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Background & Demographics

To examine generational differences among public sector employees, the following 10 public sector organizations’ employees were surveyed: City of Milwaukee, Wis.; Office of the New York State Comptroller; Fairfax County, Va.; Rancho Cucamonga, Calif.; Loudoun County, Va.; State of Ohio; Jackson County, Ore.; Haltom City, Texas; State of Wyoming; and City of Sunnyvale, Calif.

The sample comprised 3,584 government employees, 31% of whom are millennials, 33% are in Generation X and 36% are baby boomers.

  • The majority of respondents (57%) are female.
  • For their highest level of education, the greatest proportion of employees achieved an undergraduate degree (32%), followed by a graduate degree or higher (25%). The millennials were much more likely to have achieved an undergraduate degree as their highest level of education (Y-41%, X-29%, B-20%; see the note below).
  • The majority of surveyed public sector employees (56%) are members of labor unions and do not work in the field of public safety. Public safety employees surveyed were much more likely to be from Generation X (Y-26%, X-41%, B-20%) and much less likely to belong to a labor union (Y-56%, X-46%, B-65%).
  • The greatest proportions of employees surveyed are front-line contributors (42%). Front-line contributors are much more likely to be millennials (Y-55%, X-36%, B-37%). Gen Xers and baby boomers more typically hold supervisory or mid-level management positions.
  • A nearly equal percentage of employees surveyed have worked in the public sector from 1 to 11 years (50%) and for 12 or more years (51%). Baby boomers are more apt to have worked in the public sector for 22 years or more, while Gen Xers were more likely to have worked for 12-16 years, and millennials for 2-6 years.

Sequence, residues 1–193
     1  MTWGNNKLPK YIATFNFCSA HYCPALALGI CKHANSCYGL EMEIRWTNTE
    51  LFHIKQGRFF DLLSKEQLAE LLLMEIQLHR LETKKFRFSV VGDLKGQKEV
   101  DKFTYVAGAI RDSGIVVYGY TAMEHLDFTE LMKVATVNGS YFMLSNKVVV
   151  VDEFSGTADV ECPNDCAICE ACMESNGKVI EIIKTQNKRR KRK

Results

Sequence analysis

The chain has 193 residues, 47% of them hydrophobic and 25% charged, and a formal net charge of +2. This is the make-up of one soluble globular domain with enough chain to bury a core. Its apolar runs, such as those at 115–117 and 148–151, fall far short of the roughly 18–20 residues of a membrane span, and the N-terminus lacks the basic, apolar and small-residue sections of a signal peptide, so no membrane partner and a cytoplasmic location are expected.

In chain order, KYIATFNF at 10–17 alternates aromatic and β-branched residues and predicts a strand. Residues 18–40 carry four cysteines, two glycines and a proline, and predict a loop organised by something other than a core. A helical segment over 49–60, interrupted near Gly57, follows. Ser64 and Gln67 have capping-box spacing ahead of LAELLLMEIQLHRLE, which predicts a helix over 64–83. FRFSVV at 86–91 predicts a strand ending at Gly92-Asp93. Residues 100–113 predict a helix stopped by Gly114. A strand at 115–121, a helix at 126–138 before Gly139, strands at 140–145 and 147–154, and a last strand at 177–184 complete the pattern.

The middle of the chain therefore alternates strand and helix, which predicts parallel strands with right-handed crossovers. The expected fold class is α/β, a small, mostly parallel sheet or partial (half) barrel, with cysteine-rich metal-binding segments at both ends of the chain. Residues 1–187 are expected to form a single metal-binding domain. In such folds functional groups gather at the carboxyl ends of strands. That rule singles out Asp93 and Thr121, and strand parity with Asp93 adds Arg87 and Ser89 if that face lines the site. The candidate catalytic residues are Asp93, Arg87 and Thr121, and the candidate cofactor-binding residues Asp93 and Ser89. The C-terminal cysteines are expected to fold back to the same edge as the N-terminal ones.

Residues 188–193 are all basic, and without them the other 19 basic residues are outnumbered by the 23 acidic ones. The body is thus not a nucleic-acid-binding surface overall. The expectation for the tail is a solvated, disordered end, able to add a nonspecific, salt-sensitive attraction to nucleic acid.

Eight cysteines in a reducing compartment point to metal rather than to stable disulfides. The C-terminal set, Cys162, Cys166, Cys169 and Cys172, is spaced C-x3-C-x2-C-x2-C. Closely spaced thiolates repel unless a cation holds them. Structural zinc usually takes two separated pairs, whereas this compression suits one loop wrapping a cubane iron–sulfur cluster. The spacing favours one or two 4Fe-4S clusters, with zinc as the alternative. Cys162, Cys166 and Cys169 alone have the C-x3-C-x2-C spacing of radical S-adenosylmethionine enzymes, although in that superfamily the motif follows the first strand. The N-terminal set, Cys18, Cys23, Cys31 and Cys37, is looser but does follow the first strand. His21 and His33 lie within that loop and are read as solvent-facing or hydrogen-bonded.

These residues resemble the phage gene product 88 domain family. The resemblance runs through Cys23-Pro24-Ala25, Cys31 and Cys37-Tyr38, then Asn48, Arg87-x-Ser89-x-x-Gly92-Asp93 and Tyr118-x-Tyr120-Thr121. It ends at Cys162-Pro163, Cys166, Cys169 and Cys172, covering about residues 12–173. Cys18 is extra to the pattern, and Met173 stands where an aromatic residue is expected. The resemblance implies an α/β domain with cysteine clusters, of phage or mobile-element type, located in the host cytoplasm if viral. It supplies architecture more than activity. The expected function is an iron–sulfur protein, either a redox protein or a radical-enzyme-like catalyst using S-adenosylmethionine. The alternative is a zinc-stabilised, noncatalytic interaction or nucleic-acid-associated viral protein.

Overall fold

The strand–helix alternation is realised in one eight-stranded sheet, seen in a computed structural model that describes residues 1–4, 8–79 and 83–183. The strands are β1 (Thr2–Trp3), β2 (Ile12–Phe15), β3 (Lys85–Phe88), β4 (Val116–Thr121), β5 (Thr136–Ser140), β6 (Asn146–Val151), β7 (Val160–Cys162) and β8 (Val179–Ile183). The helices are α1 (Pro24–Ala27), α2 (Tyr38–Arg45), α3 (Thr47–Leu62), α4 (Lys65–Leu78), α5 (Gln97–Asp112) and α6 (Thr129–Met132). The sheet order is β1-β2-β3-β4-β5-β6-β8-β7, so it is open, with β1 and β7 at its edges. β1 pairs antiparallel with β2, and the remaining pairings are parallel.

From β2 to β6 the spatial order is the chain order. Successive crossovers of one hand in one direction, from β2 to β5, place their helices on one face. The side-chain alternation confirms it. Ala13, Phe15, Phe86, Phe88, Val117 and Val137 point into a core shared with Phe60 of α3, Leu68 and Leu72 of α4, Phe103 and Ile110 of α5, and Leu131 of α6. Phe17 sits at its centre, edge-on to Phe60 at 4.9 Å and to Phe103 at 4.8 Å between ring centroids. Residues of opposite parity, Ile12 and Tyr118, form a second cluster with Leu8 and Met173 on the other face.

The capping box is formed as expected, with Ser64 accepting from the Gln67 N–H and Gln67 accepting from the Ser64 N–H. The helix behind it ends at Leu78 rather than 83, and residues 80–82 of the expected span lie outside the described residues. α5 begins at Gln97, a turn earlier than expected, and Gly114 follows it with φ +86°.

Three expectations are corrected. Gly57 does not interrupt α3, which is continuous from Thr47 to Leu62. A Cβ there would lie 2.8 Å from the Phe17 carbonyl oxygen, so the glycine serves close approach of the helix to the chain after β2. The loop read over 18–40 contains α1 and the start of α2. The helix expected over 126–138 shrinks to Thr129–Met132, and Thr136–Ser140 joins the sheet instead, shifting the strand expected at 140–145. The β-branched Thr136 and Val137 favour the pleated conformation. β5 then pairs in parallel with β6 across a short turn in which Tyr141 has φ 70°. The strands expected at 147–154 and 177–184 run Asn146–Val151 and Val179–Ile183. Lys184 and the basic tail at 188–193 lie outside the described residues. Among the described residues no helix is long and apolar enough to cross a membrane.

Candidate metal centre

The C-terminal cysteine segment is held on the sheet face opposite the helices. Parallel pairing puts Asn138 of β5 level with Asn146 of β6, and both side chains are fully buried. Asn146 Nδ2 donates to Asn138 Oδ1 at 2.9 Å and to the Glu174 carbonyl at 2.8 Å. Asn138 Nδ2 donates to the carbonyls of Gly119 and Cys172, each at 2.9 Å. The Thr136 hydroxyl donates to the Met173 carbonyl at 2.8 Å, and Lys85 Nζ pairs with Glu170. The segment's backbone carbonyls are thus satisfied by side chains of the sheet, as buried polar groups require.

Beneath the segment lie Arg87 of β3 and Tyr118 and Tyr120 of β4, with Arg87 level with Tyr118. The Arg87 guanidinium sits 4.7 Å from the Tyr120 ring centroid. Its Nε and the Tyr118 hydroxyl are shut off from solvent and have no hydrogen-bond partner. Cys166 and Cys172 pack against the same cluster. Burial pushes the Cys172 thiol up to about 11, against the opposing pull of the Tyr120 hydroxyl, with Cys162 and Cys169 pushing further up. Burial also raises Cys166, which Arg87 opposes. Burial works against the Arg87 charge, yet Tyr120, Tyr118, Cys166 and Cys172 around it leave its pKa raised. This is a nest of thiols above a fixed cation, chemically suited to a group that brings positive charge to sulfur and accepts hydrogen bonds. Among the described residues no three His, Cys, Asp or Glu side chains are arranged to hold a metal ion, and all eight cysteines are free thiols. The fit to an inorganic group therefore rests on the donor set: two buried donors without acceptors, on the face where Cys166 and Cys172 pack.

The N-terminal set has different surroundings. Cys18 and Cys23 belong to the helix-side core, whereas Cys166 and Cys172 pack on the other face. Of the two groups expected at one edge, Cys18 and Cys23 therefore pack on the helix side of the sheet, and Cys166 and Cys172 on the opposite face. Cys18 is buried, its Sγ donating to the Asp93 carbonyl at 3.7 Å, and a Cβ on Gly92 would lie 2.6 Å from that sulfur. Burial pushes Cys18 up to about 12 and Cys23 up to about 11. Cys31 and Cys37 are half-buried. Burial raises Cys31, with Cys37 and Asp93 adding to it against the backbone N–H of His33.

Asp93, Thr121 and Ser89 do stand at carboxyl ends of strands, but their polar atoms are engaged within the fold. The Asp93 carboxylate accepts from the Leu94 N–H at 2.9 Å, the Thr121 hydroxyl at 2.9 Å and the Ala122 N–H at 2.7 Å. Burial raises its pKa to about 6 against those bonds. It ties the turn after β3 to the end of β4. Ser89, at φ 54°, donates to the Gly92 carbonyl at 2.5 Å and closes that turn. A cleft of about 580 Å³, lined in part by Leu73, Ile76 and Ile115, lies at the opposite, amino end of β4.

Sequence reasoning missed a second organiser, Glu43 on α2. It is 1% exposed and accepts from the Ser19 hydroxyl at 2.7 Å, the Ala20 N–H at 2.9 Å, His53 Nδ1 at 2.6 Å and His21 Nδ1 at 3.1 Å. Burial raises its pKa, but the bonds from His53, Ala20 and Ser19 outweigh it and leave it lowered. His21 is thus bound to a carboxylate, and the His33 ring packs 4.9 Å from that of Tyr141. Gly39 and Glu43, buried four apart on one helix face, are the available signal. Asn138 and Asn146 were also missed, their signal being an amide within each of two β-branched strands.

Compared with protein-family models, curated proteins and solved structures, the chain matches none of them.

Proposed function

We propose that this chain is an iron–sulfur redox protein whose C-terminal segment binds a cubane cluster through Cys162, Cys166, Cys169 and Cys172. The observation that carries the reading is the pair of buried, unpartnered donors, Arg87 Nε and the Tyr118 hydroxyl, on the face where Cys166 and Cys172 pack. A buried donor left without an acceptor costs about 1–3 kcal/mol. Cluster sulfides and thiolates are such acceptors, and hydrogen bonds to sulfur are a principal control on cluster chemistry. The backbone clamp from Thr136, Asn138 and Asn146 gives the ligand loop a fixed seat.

• The majority of employees (61%)surveyed have worked at their current organization for 10 years or less. Millennials were more apt to have worked in their organizations for 1-5 years, Gen Xers for 11-15 years, and baby boomers for 21 years or more.

Please Note: Throughout this report, Y = millennials, X = Generation X and B = baby boomers. Also, a ↑ means significantly higher, a ↓ means significantly lower and no arrow means that percentages are essentially equivalent. Statistically significant differences across generations were determined through cross-tabulation and a one-way analysis of variance (ANOVA). Percentages do not always total 100 due to rounding and multi-select questions being asked.

Opinions About Government & Motivations for Working in the Public Sector

Gender

Percentage
n=3,330

Male

43%

Female

57%

Highest Level of Education

n=3,344

Less than high school

0.1%

High school/GED

21%

Associate’s degree

15%

Undergraduate degree

32%

Some graduate school

8%

Graduate degree or higher

25%

Level of Government Where Employed

n=3,352

State

55%

City/Town

19%

County

27%

Regional/Special district

0.1%

Education

0

Federal

0.1%

Labor Union Member

n=3,342

Yes

56%

No

40%

Decline to report

4%

Job Function

n=3,311

Front-line contributor

42%

Lead worker

26%

Supervisor

15%

Mid-level management

13%

Senior executive/command/senior management/department head

4%

Elected official

0.2%

Public Safety Employee

n=3,354

Yes

29%

No

65%

Unsure

6%

Length of Time at  Current Organization

n=3,543

Less than a year

9%

1-5 years

31%

6-10 years

20%

11-15 years

15%

16-20 years

10%

21+ years

14%

Length of Time Worked in Public Sector

n=3,550

1 year or less

7%

2-6 years

23%

7-11 years

20%

12-16 years

17%

17-21 years

11%

22+ years

23%